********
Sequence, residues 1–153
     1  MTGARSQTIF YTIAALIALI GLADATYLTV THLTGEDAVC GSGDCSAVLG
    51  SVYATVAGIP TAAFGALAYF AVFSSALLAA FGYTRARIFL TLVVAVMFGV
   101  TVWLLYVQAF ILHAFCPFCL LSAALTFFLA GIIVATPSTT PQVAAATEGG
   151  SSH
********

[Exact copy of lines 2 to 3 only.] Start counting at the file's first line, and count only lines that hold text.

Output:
     1  MTGARSQTIF YTIAALIALI GLADATYLTV THLTGEDAVC GSGDCSAVLG
    51  SVYATVAGIP TAAFGALAYF AVFSSALLAA FGYTRARIFL TLVVAVMFGV